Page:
Hacking Chinese

A better way of learning Mandarin

Launching Hacking Chinese Challenges

challenge-screenToday I’m proud to launch a new section of the website:

Welcome to Hacking Chinese Challenges!

“Build your language skills through daily practice and friendly competition!”

The concept is simple. Each month, there will be a challenge focusing on one particular area of learning Chinese, where you strive to reach your goal and/or beat your friends. The challenges are very straightforward: set a goal, study as much as you can, log your activity and make sure you reach your goal before the end of the month.

To make sure we diversify our studying, I have worked out a schedule and will cycle different types of challenges. You can join all the challenges and get a lot of everything or just join those that happen to be aligned with your current plans, it’s up to you.

If you join all the challenges, I will make sure that the proportions make sense, so even if there will be some special/unique/interesting challenges, most will just be very useful.

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Once you have registered, you can join challenges, set goals and report progress. Please note that this month’s challenge will start on Friday, so even if you can enrol now, you can’t start reporting progress before Friday. I will write more about this month’s challenge on Thursday and will also post some suggested resources early next week.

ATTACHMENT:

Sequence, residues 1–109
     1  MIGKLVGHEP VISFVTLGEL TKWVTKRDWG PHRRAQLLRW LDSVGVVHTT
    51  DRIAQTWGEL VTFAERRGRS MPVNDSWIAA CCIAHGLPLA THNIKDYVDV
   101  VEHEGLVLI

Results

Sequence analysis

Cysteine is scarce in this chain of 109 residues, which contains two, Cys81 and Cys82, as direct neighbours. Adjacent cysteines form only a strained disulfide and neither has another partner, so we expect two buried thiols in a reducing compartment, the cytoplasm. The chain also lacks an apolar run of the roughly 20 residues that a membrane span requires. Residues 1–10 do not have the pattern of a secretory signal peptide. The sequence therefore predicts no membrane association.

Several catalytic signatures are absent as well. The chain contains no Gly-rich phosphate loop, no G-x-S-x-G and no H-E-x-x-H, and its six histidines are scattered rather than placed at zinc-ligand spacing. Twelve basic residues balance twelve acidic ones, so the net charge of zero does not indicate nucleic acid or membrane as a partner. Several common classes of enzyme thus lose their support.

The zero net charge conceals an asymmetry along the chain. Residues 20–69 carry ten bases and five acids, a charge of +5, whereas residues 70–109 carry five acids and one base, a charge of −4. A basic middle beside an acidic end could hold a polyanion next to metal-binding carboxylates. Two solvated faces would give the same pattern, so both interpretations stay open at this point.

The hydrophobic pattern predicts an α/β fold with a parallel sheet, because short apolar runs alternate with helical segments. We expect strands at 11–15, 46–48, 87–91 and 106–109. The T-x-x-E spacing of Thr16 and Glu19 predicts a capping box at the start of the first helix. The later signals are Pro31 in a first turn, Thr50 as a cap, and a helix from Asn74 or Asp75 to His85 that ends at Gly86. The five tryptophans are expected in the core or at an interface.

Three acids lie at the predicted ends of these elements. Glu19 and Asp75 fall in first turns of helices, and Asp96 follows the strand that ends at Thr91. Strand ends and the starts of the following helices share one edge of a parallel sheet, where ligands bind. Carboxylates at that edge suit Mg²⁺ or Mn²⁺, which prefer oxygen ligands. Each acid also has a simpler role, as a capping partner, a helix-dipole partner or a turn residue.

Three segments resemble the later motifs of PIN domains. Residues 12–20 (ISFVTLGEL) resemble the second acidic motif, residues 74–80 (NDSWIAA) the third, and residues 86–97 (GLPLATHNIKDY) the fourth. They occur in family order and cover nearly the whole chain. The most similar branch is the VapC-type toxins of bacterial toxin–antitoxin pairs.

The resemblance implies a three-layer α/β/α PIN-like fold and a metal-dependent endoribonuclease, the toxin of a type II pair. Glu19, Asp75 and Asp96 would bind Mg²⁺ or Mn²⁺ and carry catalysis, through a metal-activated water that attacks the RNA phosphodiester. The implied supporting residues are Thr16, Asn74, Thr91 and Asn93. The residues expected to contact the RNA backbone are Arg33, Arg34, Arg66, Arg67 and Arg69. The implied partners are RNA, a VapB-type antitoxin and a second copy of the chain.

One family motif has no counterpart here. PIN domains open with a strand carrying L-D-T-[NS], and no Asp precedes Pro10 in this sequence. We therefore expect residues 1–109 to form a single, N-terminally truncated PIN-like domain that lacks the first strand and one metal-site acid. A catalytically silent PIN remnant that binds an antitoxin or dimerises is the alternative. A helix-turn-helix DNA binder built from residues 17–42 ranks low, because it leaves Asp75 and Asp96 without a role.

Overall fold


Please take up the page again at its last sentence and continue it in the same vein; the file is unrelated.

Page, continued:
I have included more specific instructions on how to use Hacking Chinese Challenges below, but let’s look at the schedule first. I will update this as I come up with new challenges or if I decide to include reader suggestions. Leave a comment if you have ideas for challenges!

I have sorted the challenges into three different categories:

Essential: Areas that will recur 3-4 times each year

  • Extensive listening
  • Extensive reading

Important: Areas that will recur 1-2 times each year

  • Speaking and pronunciation
  • Writing and composition
  • Characters and vocabulary

Interesting: Challenges that will occur sporadically

  • Translation
  • Grammar and sentence patterns
  • Culture related
  • Music and lyrics
  • Films, TV series and programs

There will be one challenge each month that will last for roughly three weeks, always starting on a weekday and ending on the last day of the month. Three weeks is enough to stay focused and achieve a lot, but not so long that you tire and get distracted. You also get one week breathing space between each challenge.

Challenge schedule for 2014 (subject to change)

  1. Extensive listening (October 10th to October 31st)
  2. Extensive reading (November 10th to November 30th)
  3. Translation (December 10th to December 31st)

You can enrol in any available challenge in advance (just follow the links above) and it’s also perfectly fine to join late, just adjust your goals, because the end date is the same for everyone! The page “your statistics” will help you keep track of how much time there’s left, how you have performed so far and how that compares with your goal. This is a bigger version of the image above:

challenge-screenEach challenge will be preceded by a post on Hacking Chinese where I introduce the challenge and share some relevant articles and resources (you can always go to Hacking Chinese Resources). Let’s help each other out and share tips, information and resources for each challenge!